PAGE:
Life Lessons 101 (Cont)

Yesterday I got to spend the day with Dave working on the heater in his Corscia. He had a T-Shirt that said, "Lord grant me the serenity to accept the things I can't, The courage to change the things I can and the weaponry to make a difference". We talked about this a lot and laughed at the fact that guys often have too much Testosterone to not jump in and try to save things when the crap hits the fan. His Corsica has a sticker that says, "Don't medal in the affairs of Dragons for thou art crunchy and taste good with Catchup". Dave really comes from the side of the house that lives the motto. "Nien Swet da Vider Sheist". (Don't sweat the small shit, after all it is all small shit)
From one of my regular readers "Incognito said...

I think for me it's counting on other people's promises that never come through. I learned to just be open to the possibility but not disappointed when it doesn't happen.

Same thing goes for expectations. Being very loyal and trustworthy I used to have high expectations of others. I still have high expectations, I just learned to not be disappointed when those expectations are not fulfilled.

Kind of the same thing. But makes life easier.

Oh, and last, but not least. I learned that trying to control things in my life just doesn't always work, so I have learned to "let go and let God"! Makes life much simpler."

Simple wisdom shows through from her. I think she comes a little more from the nurture side of the house and guys from the nature.
A my worst critic, I often had higher expectations and worst self doubts than anyone else. I found that accepting kind of a side bar about hard work being the answer. I found that if I tried to do my best that was often more than enough. I can tell you that people working to do their best have a high quality life style. Even if they probably don't live as long. There is an old saying that, "Pride goeth before the fall". I say that if you combine workmanship with that pride you will create masterpieces. Every once in a while you will get an "a'w shit" to cancel the "Attaboys" but you will shine.
There are Managers and there are leaders. Managers count everything and manage people like they are an asset not people. In abundant situations, not declining situations, managers make good sense. A manager will figure out the cheapest way to do things and produce an optimum return. When time is short and you really have to minimize the loss you need a leader to take charge and win the battle. When you really need to get the best out of people and there just isn't enough of anything to go around, leaders fit the bill.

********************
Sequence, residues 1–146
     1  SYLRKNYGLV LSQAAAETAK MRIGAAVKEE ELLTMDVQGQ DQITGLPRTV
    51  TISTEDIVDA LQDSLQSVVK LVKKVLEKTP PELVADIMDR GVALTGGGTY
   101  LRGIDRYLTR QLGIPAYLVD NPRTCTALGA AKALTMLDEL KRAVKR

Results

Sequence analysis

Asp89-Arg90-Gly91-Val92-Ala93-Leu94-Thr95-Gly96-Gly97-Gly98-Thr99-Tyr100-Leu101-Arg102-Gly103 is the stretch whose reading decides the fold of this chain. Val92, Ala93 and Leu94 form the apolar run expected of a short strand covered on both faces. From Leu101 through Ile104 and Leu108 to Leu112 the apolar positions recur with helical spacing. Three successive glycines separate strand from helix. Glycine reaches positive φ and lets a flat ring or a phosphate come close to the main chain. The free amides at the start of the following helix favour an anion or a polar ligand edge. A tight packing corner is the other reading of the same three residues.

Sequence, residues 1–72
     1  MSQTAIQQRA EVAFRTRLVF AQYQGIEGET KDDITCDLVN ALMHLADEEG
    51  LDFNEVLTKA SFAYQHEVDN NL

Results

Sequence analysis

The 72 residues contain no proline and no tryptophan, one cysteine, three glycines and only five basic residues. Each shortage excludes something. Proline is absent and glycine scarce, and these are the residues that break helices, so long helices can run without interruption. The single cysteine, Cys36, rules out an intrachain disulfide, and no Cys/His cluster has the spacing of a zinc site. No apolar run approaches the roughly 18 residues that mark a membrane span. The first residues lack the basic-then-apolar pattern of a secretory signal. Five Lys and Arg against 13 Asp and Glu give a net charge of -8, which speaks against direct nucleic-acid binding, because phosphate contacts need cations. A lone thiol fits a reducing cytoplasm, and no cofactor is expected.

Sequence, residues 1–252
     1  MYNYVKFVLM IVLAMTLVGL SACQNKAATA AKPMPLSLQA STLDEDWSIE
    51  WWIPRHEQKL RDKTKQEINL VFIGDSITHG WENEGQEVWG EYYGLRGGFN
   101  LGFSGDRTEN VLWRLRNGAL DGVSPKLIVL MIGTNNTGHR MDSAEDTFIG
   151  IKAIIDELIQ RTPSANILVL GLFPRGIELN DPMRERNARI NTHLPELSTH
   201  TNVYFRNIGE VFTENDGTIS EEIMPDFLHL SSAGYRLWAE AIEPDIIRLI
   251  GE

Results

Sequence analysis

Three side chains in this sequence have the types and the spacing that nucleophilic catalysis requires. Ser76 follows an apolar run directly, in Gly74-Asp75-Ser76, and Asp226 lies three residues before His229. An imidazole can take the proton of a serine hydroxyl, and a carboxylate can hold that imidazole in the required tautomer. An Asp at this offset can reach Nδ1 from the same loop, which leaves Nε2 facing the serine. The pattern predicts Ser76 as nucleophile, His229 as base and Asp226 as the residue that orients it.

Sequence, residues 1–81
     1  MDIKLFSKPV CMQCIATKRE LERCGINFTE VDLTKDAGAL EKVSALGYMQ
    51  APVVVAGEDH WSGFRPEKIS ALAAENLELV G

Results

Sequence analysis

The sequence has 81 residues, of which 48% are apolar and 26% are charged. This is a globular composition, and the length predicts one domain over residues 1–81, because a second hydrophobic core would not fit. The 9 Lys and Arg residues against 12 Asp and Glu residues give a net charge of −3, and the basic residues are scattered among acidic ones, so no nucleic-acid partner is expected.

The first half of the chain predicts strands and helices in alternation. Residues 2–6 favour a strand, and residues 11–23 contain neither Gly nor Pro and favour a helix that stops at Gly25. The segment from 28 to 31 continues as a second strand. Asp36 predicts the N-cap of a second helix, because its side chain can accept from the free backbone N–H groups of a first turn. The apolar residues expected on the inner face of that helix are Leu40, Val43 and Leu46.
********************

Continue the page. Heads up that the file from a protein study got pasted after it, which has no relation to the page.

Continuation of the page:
A few years back (about 20, is that really possible?) I commanded an Artillery Battalion in the Guard. We had to take the same evaluation test that the Active Army units did. It was called an Army Training and Evaluation Program (ARTEP) and was designed by a manager somewhere. I'll bet he got a big medal for that spent millions of dollars publishing the several inch thick manual. The National Guard battalion I was commanding had a shortage of people, places and things. For two years running two different commanders tried to get that battalion to have a successful (70% or better) evaluation. Both times they fired the people that tried and hired new folks to make it work. I got that battalion and sat down and tried to figure how to manage the assets to pass the test. It was clear as mud that there was just no management solution to the problem. I figured out that a good dose of leadership was needed and worked my butt off making sure that everyone knew what they had to do to get us to that magic 70%. I spoke with every soldier in the battalion during that year getting ready for the summer. I made sure that the section chiefs shared with their people what everyone needed to do. If our battalion at 80% strength did 100% of what they could we could pass with 70% and get that monkey off our back. We went to Fort Riley twice that spring and ate small bites of the ARTEP apple. We didn't try to do everything, but what we did, we did to the standard.
That summer at Camp, I told the Active Army Commander that I didn't want friends, I wanted evaluators. They weren't to tell us how to do anything their way, but they were to measure us against the standard they would use for the ARTEP. Any of his people that were evaluating training and didn't have a stop watch and the standards with them I would send to him and they would be sent home. Do it by the book, do it right and to the time standards. By Wednesday night the first week I had a report that we could do at least 70% of the items in the ARTEP to standard and called in the commanders in and told them so. Thursday we worked on the other 30% and Friday we started the test. By Sunday evening the evaluator reported to me that we had performed 100% of the items/events to standard. We had one more day to complete but we were a go!
Near the end of the Camp I talked to every man and shook their hands. Almost to a person they said they knew we had it in the bag when I was their biggest cheer leader. I did have to lose my temper a time a time or two but it was mostly when people forgot to do things the safe way. I could not lose a single man to stupidity and did not tolerate unsafe acts. I told them so over and over and we had the fewest injuries or medical evacuations of any unit at camp that year.
I guess the life lesson here was that there are leaders and managers. When time comes to get down to business and "unhit that fanload" of manure it is often better to have a leader rather than a manager.

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